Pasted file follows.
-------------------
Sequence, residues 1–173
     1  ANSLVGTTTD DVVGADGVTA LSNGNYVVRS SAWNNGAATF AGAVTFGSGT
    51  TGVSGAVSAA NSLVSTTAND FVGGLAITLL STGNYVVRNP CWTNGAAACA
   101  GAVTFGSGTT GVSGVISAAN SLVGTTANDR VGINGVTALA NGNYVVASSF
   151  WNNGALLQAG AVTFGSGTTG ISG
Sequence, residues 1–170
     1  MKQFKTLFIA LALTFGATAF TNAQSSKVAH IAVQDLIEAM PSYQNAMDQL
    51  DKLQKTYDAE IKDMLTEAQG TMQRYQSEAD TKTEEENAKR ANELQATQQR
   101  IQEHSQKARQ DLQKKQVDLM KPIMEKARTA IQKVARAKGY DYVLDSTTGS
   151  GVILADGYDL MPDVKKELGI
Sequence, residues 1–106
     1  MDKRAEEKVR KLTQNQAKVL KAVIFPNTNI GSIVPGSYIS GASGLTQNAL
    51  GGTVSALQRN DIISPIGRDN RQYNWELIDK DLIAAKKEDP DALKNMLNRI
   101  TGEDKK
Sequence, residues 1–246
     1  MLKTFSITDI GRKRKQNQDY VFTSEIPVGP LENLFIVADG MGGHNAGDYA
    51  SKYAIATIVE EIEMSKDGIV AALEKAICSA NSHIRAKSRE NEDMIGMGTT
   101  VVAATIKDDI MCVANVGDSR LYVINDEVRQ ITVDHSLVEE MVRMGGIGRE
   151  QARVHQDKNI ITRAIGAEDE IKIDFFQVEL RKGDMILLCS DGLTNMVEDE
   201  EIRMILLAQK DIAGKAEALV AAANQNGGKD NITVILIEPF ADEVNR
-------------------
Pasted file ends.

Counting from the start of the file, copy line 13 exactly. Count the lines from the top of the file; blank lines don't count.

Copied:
    51  GGTVSALQRN DIISPIGRDN RQYNWELIDK DLIAAKKEDP DALKNMLNRI